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Rising Stars Whitney Uland & Nora Kaye: To Prevent Burnout Make Your Own Work

Take time to relax and do things outside of the industry. There is a whole world out there and honestly, sometimes stepping away and having real experiences is gonna make you a better artist.Make your own work- this can take any form you want. But make things, write things, rehearse things- just for you. It […]

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Take time to relax and do things outside of the industry. There is a whole world out there and honestly, sometimes stepping away and having real experiences is gonna make you a better artist.
Make your own work- this can take any form you want. But make things, write things, rehearse things- just for you. It will keep you sane and engaged and who knows where it will go!


As a part of my series about pop culture’s rising stars, I had the distinct pleasure of interviewing Whitney Uland & Nora Kaye. Whitney is the creator and star of Janessica, a viral web series, streaming on Amazon Prime. The web series garnered a combined 170,000 views and her script, Janessica’s Guide to New York was selected as a semi-finalist in the 2019 Showtime Tony Cox Writing Competition. As an actor, Whitney’s work can be seen on stage as well as in commercials, television and film. Nora is developing a play, Baby Goes Down, which is premiering in New York this fall. She just returned from Edinburgh Fringe Festival where she acted and played foley for the internationally renowned vaudevillian clown show Beep Boop. Nora is a lead in Happy Camper, a new series in development with Nickelodeon, and performs with sketch comedy and improv troupes in NYC. Whitney Uland and Nora Kaye met playing best friends on a project. Art imitates life or they just bothered each other enough — that they became friends and creative partners. After working together on My Best Friend’s Husband’s Funeral they decided that they wanted to do more projects together and so they did…hence…Hysterical Women. Their short film, The Dingo Ate My Baby, which they produced, wrote and starred in is an official selection of the Austin Comedy Shorts Festival, and the Short & Sweet Film Festival. Dedicated to inclusion and diversity, Whitney and Nora strive to make films/television that is as complex, honest, weird, funny, dark and intricate as the women who make them. They also have several other feature films and series scripts in development.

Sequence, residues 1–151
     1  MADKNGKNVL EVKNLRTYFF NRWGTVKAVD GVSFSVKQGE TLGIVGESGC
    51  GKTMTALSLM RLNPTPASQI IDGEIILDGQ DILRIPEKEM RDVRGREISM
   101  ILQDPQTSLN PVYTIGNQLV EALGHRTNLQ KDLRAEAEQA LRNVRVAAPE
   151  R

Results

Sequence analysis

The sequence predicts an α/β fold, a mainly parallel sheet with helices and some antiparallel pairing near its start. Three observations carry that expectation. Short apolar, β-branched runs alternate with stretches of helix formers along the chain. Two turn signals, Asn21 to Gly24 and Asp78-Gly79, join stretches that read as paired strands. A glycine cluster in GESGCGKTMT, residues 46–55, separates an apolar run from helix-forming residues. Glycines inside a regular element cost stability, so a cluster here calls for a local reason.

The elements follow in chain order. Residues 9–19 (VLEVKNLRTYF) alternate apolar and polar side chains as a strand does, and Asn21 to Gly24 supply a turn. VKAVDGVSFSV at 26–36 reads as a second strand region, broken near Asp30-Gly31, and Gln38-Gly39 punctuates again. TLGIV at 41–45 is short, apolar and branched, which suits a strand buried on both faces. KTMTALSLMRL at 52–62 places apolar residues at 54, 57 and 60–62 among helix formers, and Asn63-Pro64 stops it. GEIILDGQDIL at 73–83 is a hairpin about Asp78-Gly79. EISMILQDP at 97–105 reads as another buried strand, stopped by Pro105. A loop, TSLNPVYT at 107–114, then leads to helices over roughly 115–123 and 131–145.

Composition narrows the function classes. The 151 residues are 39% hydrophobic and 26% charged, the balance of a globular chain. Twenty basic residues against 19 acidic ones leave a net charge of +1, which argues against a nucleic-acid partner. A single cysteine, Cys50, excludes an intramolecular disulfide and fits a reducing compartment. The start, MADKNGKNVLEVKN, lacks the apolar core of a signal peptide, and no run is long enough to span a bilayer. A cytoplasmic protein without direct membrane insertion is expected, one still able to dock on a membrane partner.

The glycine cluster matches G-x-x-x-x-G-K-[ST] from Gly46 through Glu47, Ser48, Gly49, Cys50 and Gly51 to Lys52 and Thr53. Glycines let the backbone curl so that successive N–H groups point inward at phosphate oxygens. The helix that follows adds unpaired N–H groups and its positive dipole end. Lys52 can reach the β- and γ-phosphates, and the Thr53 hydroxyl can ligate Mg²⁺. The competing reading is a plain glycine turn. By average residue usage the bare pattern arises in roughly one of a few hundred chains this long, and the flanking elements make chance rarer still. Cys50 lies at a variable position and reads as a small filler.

Thank you so much for doing this with us Whitney and Nora! Can you tell us the story of how you grew up?

Whitney: Thank you for having us!! I am the youngest child in my family and I grew up in Dallas. My parents really encouraged me to try everything — I took dancing and singing lessons but I was also on my high school’s swim team and yearbook staff and was president of the Math Club. I’m really grateful that my parents had me try so many things — I think it’s why I love being part of all the different parts of the filmmaking process.

Nora: Hey — I grew up in a super liberal town in Massachusetts called Northampton where the city motto is “we like our women like we like our coffee- strong.” And as corny as that is — it was a super great place to grow up. My parents also were super encouraging of all the things I wanted to do — and to be honest — it was probably too many — like all the school plays and impov and soccer and a stint as co-class president. I feel like I was just constantly running. But also, it’s the way I liked it! I love that you were the president of the Math Club!

Whitney: Thank you! I tried to be class president but I failed!!

Can you share a story with us about what brought you to this specific career path?